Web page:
Holding water on the other hand is where steelhead sit for some time. Typically, a lower speed spot in faster water, behind a rock – steelhead are found in connection with rock far more than they are with wood, for example, logs and root-balls. Cutthroat, on the other hand favour wood.

When fishing, you need to bear in mind that from holding water, once you are finished you have to move on because you have disturbed the fish there, rather than in pass through water, that can have new fish in it at any time. So, your day, will depend on planning to hit several high percentage spots, and you may fish pass through water more than once.

Finally, steelheading reaches its highest percentage days when the river is rising or falling and clarity is restricted to a few feet or less. Rain stimulates fish to move into a system, rise in the system or perk up wherever they may be. It makes sense to fish lower ends of rivers toward estuaries on days rain starts in earnest, then move to other hotspots. If you are fly fishing, it makes sense to fish pass through water, as it is moving slower than other sections of a river, and thus maximizes fly penetration.

DFO Has Failed Chinook and Sport Anglers – Let’s Improve

If anyone doubts DFO’s stewardship of BC’s iconic animal, the salmon, has been anything other than derrilection of duty, just look at a morning’s catch of Nahmint River chinook by a bunch of sport fishers just like us. As you can see, such catches were common in the 1960s. Note that in the middle, just beside the camera flare, is Jimmy Gilbert, famed Saanich Inlet guide, of whom I will have much to say in upcoming articles.

The Nahmint River, in Albernia Inlet, is just one river, but it had a great reputation because its fish had great numbers of 50 pound chinook, and lots of fish. They are pretty much all gone now, and as DFO is responsible for salmon in BC, they have overseen the destruction of this and many other runs without doing anything about sustaining their numbers.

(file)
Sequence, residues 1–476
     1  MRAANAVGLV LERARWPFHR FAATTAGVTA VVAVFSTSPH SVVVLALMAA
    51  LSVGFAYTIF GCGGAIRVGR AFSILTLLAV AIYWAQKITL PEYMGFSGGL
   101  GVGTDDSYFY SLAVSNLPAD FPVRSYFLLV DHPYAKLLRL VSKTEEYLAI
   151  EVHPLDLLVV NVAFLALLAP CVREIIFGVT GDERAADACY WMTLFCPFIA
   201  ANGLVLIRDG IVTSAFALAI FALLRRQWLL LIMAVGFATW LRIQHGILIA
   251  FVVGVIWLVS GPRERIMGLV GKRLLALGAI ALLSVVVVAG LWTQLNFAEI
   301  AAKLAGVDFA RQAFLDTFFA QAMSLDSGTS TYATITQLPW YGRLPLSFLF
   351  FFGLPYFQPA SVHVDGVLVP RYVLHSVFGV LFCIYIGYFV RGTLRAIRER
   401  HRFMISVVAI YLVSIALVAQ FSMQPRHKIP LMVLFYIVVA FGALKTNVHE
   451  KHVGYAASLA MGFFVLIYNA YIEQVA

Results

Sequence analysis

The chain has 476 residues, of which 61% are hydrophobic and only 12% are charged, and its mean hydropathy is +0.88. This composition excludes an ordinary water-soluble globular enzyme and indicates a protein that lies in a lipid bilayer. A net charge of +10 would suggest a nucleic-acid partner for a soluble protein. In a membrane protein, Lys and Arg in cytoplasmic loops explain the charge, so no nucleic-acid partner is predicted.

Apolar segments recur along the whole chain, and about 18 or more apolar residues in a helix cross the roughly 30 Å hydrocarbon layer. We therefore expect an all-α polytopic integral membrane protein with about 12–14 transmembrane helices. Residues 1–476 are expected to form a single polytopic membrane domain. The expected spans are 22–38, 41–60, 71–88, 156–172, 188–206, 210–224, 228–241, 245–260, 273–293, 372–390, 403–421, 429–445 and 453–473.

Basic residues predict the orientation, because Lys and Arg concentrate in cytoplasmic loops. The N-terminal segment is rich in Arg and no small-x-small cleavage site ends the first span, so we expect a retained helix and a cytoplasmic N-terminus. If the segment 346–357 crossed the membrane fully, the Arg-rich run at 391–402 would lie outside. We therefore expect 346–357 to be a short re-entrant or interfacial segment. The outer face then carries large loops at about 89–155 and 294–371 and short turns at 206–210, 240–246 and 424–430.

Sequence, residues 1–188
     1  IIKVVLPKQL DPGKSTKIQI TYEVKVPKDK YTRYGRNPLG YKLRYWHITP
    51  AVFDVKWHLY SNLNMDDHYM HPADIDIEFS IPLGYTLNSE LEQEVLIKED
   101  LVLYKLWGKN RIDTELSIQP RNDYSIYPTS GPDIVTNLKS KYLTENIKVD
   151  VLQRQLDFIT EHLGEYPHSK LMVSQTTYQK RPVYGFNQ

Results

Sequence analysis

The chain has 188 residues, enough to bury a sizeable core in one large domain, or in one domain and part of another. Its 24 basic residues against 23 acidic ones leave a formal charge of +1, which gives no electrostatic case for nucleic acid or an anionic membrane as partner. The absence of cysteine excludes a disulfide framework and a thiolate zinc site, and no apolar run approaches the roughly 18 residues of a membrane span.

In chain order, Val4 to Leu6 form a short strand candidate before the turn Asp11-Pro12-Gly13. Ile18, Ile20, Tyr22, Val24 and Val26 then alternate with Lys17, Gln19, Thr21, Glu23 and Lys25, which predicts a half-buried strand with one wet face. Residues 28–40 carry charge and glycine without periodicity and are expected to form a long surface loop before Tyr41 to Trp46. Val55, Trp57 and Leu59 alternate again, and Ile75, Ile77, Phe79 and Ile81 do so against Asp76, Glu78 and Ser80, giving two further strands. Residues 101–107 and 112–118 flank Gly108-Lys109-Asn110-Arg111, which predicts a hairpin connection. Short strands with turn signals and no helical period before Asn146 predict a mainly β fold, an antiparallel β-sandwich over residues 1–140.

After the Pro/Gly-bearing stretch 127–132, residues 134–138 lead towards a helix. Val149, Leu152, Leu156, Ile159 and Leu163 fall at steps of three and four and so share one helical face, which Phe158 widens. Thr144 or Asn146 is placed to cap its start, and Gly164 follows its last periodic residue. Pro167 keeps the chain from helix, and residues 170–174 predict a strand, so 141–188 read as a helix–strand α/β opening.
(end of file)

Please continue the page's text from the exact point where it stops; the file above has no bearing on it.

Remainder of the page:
Victoria area sport fishers have watched fish drop in numbers for decades. I have letters to the minister going back to the ’60s, a time when DFO said coho could not be caught by sport fishers because they did not bite lures. Hmm. Now, our summer fishing is compromised because DFO is watching, but not doing freshwater habitat restoration or enhancement, of low Fraser River 4/2s and 5/2s. They dwindle in numbers to alarming levels. We have had restrictions for several years now.

And we all know that the Southern Resident Killer Whale, only 76 individuals, are not doing well, to some extent because chinook are in such low numbers. Rather than beefing up chinook numbers, DFO proposes closing sport fisheries to protect them. See the PDF:  Discussion Paper: February 15, 2018, Proposed 2018 Salmon Fishery Management Measures to Support Chinook Salmon Prey Availability for Southern Resident Killer Whales. I attach it to the email. You are asked for comments.

Of interest, while the SRKWs can range from California to Alaska, their main spring and summer feeding grounds are: “the transboundary waters of Haro Strait, Boundary Pass, Juan de Fuca Strait, and southern portions of the Strait of Georgia (also referred to as the Salish Sea). This area is identified as Critical Habitat (the habitat required for survival and recovery of the species) in the SARA RKW Recovery Strategy.”